In early January Virginia National Guard Soldiers and Airmen came to campus to test the staff and cadets.
Since there were a few positive tests, everyone was closely monitored, quarantined by bubble by platoon and given rapid tests. They had no more positives.
“We test currently on a 14-day rotation, but also test at a higher frequency if there are any symptomatic staff or cadets,” Moses said. “Staff and cadets participate in daily wellness screenings so that if anyone is symptomatic, we can catch it at the start of the day or shift.”
“Every day is a new challenge,” Chicoine said. “But the testing protocol has been successful and our precautions have all been followed and been successful.”
Chicoine explained that in addition to wearing masks whenever they are on campus, cadets and staff members are required to socially distance and their temperature is taken three times a day.
“The only time you may see a mask come down is if you’re socially distanced and doing physical fitness,” he explained.
Classrooms get sanitized after each class and the cadets don’t eat together in the dining hall. The staff prepares meals and packages them in containers for the cadets to eat in the barracks.
ChalleNGe also provided a way for the cadets to keep their distance in the barracks and maintain some privacy while also being monitored by cadre. See-through partitions were built between bunks and wall lockers so two cadets have an area all to themselves.
“They are taking ownership of their areas,” he said. “They have their own area of responsibility and it’s something we will keep after COVID. Behavior is way down. They’re impeccable. I do barracks inspection and they’re the best I’ve ever seen. It’s been a tremendous change.”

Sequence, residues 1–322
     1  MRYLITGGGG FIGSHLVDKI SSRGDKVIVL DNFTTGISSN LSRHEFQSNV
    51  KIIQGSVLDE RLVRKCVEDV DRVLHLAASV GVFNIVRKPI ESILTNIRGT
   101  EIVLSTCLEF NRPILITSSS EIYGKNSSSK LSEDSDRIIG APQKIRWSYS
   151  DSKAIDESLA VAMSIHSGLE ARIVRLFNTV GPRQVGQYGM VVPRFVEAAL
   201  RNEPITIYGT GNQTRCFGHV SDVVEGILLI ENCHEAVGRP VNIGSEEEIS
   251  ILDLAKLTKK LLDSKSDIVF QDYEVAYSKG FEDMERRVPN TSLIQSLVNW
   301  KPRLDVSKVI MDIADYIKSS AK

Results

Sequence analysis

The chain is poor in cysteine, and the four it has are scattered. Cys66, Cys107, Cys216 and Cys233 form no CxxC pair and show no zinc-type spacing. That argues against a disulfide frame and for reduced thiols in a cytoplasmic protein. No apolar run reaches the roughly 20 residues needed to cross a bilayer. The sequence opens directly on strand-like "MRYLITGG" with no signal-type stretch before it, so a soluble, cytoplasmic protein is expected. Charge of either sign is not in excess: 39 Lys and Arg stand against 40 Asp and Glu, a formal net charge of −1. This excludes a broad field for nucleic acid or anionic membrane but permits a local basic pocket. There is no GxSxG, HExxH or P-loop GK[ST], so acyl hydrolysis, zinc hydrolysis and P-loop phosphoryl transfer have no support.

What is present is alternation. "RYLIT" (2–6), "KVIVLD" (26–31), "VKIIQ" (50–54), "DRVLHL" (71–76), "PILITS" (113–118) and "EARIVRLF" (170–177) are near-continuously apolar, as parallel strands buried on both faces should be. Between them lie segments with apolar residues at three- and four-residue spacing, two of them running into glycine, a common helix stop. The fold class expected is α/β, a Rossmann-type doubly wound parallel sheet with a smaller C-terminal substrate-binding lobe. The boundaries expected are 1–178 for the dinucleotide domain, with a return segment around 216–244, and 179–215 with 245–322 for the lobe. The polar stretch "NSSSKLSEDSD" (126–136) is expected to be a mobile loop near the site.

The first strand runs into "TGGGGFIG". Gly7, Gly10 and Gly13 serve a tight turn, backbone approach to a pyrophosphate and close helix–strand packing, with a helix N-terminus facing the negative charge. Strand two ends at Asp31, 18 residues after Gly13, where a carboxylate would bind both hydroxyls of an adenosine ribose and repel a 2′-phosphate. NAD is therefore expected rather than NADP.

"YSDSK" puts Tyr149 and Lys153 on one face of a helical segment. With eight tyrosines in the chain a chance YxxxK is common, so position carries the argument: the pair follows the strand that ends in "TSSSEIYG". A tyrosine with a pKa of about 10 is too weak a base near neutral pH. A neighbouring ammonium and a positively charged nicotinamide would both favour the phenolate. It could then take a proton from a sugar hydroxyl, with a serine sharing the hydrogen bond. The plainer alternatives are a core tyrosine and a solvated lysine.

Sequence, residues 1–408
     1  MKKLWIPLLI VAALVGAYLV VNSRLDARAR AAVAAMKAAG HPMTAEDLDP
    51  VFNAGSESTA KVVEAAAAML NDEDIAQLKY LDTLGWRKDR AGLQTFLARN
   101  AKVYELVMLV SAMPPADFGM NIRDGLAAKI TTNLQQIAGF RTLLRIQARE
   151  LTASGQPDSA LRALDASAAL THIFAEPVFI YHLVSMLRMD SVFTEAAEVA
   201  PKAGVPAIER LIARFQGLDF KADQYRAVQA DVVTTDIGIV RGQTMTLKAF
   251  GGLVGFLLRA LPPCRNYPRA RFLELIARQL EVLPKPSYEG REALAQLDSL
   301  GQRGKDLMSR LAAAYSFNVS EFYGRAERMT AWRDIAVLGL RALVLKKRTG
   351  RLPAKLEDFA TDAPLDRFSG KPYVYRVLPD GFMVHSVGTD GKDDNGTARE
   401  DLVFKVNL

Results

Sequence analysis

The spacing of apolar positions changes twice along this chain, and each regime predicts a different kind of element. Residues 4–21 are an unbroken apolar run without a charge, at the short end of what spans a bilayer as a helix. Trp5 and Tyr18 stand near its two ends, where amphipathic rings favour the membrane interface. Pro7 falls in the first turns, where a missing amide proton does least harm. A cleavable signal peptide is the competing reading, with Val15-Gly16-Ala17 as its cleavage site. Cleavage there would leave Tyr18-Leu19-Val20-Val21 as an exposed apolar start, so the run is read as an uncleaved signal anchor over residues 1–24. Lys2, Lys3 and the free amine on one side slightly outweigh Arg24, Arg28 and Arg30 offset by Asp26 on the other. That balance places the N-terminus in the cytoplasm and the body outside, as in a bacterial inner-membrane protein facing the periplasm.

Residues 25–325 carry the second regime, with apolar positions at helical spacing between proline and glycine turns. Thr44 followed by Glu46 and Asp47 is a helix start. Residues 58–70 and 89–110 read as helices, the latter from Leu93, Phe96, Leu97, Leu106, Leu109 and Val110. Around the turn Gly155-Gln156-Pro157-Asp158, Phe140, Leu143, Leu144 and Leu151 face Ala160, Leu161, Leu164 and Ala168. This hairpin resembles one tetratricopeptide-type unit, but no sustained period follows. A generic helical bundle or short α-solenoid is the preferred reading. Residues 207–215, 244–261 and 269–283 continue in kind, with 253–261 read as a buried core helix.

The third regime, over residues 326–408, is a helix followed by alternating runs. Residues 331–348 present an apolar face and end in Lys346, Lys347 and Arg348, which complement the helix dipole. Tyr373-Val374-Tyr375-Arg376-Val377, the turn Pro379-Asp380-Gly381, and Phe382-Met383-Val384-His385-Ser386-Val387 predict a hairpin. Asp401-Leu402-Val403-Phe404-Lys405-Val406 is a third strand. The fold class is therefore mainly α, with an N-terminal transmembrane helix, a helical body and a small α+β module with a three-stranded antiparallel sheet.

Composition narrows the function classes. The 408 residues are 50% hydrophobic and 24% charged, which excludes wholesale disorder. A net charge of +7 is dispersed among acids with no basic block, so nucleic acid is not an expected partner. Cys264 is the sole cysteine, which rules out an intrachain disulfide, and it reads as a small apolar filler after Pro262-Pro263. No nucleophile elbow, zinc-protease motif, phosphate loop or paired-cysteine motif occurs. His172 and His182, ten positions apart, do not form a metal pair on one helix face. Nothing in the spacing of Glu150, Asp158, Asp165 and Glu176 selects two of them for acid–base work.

Each platoon also has their own designated area as a platoon gathering place. While the 2nd platoon uses the dining hall, the 3rd platoon and 1st platoon use classrooms.
“No one else goes in these rooms except the platoons,” Chicoine said. “This way they each have their own dedicated space to meet as groups.”
Chicoine said staff has also noticed very little cases of the flu with this class.
“Normally we have sniffles and the flu,” he said. “But the COVID protocols like social distancing and hand washing is helping with those too.”
After five months, ChalleNGe leadership is pleased to see their plan has been effective and Chicoine gives a lot of credit to Moses.
“She is the unsung hero of all this,” he said. “We’re on a regular schedule with her. She has worked with the state and helped us navigate all the federal and state guidance and helped us put together that plan to present to the Department of Education.
“Rebecca is shining star in all this and we’ve received so much support up and down the chain of command. She has been right there with us every step of the way. Any question we immediately contact her and she’s been phenomenal.”
Moses has also worked closely with the Virginia Department of Health to get all staff who want a COVID-19 vaccine vaccinated as quickly as possible.
“The staff at Commonwealth Challenge have done a phenomenal job of adapting and overcoming during this pandemic,” Moses said. “It’s truly been a team effort.”
While no decision has been made yet on how a graduation ceremony will unfold for Class 54, Chicoine said he’d like to find a way to recognize the cadets of Class 53, as well.
“They’re not considered graduated according to NGB because they didn’t spend at least 75 days on campus but we always consider them alumni and I really want to recognize them,” he said.
When he looks at the cadets of Class 54, Chicoine said he sees a phenomenal group.
“You ask why are they so good. I think it’s because the staff has performed brilliant,” he explained. “I think by them being here, having a routine, having peers, there was almost a sense of returning to normal. They didn’t want to go back to the virtual, they wanted to be here. That’s the thing that’s the neatest- the staff is doing well and the kids are focused.”